Be very specific about the location(s), demographics and interests of your intended audience. The more specific you are in defining who you want to reach, the more effective you can be. Though geographic and demographic can often be easily determined with experience, psychographic interests can sometimes stump even the most experienced marketer.

There are two tricks to help you identify the more vague psychographic targeting. They are;

  • Competition: One way to determine more about your prospective target audience is to watch your peers and competitors social accounts. Watch for the non-business related topics and interests that drive your prospects to engage, like and share. Taking this further, look at the personal profiles of your prospective customers and take note of the topics that thread through everything they engage with online. The list that results from investigating several prospective customers and competitors social accounts will result in identifying 4-8 key interests or topics that drive your audience.

and

  • Existing Customers: Speak with existing customers and known prospects about their interests on and offline. Discover that drives them in their life. Those are the topics you want to share content on and use to find your target audience.

2) Growing Your Target Audience – There are two distinct ways that marketers should be actively growing their target audience. Attracting new connections and proactively connecting. Having a community that is constantly growing with new connections, while engaged with conversations and relationship building is crucial for numerous reasons and should be a strategic part of any social media marketing program.

Let’s define these two community growth elements.

  • Attracting – If you desire to have organic growth within your social community, ensuring that you are attracting the right connections is imperative. To do this effectively, you will want to be sure you know who you are trying to reach and what topics drive their activity on social media (as we discussed above). Using this information and the other research we suggested, you will want to tailor your content curation, creation and hashtagging to these interests. Be sure that the content you are sharing and the hashtags you are using to attract your following is correctly focused on your prospects needs and interests, not that of your company, peers or competitors.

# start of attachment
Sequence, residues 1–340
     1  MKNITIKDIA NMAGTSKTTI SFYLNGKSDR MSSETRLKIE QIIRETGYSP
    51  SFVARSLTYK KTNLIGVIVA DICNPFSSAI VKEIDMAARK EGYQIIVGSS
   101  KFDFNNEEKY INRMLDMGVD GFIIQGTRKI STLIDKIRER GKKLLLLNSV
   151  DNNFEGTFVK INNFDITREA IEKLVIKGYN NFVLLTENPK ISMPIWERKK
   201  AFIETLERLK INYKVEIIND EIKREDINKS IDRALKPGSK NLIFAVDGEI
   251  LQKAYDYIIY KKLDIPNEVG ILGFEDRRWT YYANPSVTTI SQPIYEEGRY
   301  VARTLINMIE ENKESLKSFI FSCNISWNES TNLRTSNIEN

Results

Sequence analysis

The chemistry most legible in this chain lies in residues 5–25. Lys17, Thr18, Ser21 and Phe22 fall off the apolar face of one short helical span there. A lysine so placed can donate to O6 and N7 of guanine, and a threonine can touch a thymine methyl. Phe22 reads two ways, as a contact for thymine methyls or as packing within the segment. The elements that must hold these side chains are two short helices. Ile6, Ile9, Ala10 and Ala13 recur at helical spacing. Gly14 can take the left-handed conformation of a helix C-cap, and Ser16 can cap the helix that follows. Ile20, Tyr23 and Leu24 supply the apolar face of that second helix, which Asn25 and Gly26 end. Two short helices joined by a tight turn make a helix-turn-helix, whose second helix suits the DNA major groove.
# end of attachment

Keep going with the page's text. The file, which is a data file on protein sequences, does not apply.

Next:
and

  • Proactive – Supplementing your attraction growth should be an extremely consistent and highly targeted execution of proactive connecting. If you know who you are trying to reach and have defined this very clearly, social media profile searches, viewing friends of your connections as well as connecting with your competition’s following is extremely effective.

At the end of the day, you must be providing value to your community, engaging in conversations and building relationships if your social media marketing efforts are going to see real results. If your strategy is on point, being executed properly and conversations are a daily part of your process, adding audience growth and targeting methods into the mix will add substantial results to your bottom line.

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Filed under Audience, Brand, Community, connection, Content, content creation, Curation, Hashtag, Marketing, Relationship, Results, Social Media, Social Media Content, Social Media Marketing, Strategy

The Two Sides Of Social Media Strategy Are Very Different Things

The Two Different Sides of Social Media StrategyWe often see a lot written and taught about social media strategy and the importance it plays in the success of integrated, digital marketing today. Unfortunately, there are substantial differences between the two elements of strategy that are frequently overlooked.

Many consider strategy as something that you only do prior to or while you are implementing social media marketing. In fact, there are two distinct sides of strategy and they have very different definitions. Let’s define the differences between these two sides and outline some of the components of each.

The Two Elements Of A Social Media Strategy:

1) The Plan

By definition, a strategy is a careful plan or method for achieving a particular goal usually over a long period of time

It is extremely important to note that there are several critical key words contained within the definition of strategy. Let’s highlight the ones that stand out:

Careful – The term careful implies that time has been taken to thoughtfully research specific markets, competitors and audiences to ensure assumptions being made are accurate.

Plan – A plan contains specifics surrounding the information obtained during the research and are combined into a detailed plan that can be followed.

Goal – A goal is not a wish, hope or dream, but rather a detailed, specific desired result that combines measurable components that are tracked.

Long – As you should be aware, social media marketing is not direct marketing. It is marathon, not a sprint that focuses on the long-term effects of value and relationship building.

2) The Execution